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Inicio Neurología (English Edition) Coma secondary to a reversible lesion to the corpus callosum
Journal Information
Vol. 35. Issue 9.
Pages 671-672 (November - December 2020)
Vol. 35. Issue 9.
Pages 671-672 (November - December 2020)
Letter to the Editor
Open Access
Coma secondary to a reversible lesion to the corpus callosum
Coma por lesión reversible del cuerpo calloso
I. Pagola-Lorz
Corresponding author

Corresponding author.
, M.S. Cámara, E.D. Diaz-Pertuz, M.E. Erro
Servicio de Neurología, Complejo Hospitalario de Navarra, Pamplona, Navarra, Spain
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Dear Editor:

It was with great interest that we read the letter by Gómez Iglesias et al.1 We would like to present another case of mild encephalitis/encephalopathy with reversible splenial lesion (MERS). This is a reversible clinical and radiological entity characterised by lesions to the splenium of the corpus callosum with restricted diffusion on MRI sequences.2,3 It may present with a wide range of neurological manifestations and may have different aetiologies2,4–6; a high level of suspicion is therefore necessary for appropriate management.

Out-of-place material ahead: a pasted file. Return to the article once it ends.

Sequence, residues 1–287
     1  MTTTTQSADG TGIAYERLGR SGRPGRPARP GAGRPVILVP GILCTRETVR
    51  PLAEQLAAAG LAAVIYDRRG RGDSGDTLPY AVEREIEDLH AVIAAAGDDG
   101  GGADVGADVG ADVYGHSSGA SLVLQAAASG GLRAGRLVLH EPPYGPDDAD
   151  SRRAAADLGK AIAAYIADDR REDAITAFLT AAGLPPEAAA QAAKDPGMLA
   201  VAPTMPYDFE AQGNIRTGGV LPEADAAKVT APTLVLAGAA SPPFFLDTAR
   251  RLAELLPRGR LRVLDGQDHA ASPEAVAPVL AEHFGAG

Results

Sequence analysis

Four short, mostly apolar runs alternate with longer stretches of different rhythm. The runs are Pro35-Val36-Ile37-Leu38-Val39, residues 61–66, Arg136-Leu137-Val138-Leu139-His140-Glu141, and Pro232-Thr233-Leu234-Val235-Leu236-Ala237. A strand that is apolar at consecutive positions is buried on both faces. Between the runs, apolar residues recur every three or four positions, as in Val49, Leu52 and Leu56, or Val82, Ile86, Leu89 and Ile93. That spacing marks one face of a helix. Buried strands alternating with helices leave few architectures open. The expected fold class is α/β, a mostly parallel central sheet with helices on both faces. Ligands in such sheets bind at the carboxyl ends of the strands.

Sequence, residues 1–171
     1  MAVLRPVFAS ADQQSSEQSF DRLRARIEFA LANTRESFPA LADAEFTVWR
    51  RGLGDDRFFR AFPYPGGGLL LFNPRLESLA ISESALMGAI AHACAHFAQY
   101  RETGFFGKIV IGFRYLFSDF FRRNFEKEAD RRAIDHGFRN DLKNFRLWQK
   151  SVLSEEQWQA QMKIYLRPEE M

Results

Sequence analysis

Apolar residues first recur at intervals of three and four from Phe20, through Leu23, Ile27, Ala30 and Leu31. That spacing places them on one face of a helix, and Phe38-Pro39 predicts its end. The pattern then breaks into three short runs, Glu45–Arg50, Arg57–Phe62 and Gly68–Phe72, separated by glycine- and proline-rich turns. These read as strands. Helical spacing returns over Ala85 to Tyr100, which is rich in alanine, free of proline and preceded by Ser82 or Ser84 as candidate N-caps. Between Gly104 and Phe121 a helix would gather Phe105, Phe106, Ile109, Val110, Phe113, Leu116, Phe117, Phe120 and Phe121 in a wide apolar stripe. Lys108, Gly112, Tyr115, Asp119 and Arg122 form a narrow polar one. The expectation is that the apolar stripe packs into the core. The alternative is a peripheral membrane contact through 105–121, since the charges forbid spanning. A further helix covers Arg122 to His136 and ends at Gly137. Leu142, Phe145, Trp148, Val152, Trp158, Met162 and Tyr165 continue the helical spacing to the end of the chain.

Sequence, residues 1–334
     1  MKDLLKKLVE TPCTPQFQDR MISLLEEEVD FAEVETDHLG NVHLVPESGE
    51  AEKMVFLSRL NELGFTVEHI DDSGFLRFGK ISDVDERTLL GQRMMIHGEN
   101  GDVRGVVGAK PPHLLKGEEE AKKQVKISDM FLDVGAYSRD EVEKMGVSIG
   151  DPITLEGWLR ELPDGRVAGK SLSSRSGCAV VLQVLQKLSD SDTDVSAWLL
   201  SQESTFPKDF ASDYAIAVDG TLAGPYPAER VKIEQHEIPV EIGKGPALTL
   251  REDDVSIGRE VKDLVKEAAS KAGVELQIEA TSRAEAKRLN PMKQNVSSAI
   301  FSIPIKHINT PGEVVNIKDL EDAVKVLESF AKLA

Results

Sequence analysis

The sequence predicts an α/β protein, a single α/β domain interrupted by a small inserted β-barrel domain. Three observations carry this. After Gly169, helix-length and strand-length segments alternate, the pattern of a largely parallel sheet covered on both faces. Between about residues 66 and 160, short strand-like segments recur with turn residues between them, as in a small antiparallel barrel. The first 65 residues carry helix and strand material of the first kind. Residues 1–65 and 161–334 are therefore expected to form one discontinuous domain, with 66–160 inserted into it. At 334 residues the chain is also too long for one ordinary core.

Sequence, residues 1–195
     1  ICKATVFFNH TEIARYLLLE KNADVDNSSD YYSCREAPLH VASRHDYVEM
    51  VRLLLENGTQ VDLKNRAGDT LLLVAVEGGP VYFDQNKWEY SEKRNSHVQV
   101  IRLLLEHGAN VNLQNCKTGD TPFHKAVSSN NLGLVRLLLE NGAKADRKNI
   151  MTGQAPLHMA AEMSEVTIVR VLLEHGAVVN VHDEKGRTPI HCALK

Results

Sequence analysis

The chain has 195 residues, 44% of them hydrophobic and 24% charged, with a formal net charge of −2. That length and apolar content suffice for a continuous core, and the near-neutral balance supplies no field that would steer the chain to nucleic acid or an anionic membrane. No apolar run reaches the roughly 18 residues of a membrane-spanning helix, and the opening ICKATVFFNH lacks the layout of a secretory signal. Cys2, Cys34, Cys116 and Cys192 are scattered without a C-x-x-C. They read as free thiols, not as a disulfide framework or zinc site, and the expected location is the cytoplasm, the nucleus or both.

We present the case of a 66-year-old man with history of hypertension and frequent alcohol consumption (48 g/day). He was admitted to the neurology department due to left internal capsule haemorrhage (Intracerebral Hemorrhage Score of 1) manifesting with unilateral motor symptoms. He required labetalol perfusion due to a tendency to hypertension. After 24-48 hours, he developed confusion, psychomotor agitation, and hallucinations. An axial CT scan performed at this time showed no changes with respect to baseline images. He started treatment with tiaprizal 100 mg/8 hours. In the following days, the patient presented fever and a progressive decrease in the level of consciousness. A blood analysis revealed leukocytosis and high C-reactive protein levels. We suspected a respiratory tract infection secondary to bronchoaspiration, and started antibiotic therapy; the patient was transferred to the intensive care unit for ventilatory support. Chest radiography revealed increased density in the right lower lobe. Blood, saliva, and urine cultures yielded negative results. The neurological examination revealed a Glasgow Coma Scale score of 10 (eye 4, verbal 1, motor 5), with mutism, right hemianopsia (lack of menace response), and right hemiplegia. Inflammatory biochemical parameters normalised after 12 days with antibiotic therapy, but fever persisted. An immunological study including tests for tumour markers and serology tests for neurotropic viruses in the blood and CSF yielded negative results. Electroencephalography revealed no epileptiform activity. A brain MRI scan performed 20 days after onset of coma revealed a lesion to the splenium of the corpus callosum, showing restricted diffusion (Fig. 1), and signs of subarachnoid haemorrhage in the left convexity. Due to suspicion of MERS in the context of probable posterior reversible encephalopathy syndrome (PRES), the patient remained under close neurological and haemodynamic monitoring, showing systolic blood pressure values around 140-160 mm Hg. The patient’s level of consciousness progressively improved and visual disorders resolved, but motor deficits persisted. A follow-up MRI scan performed 35 days after the initial study revealed nearly complete resolution of the corpus callosum lesion (Fig. 1).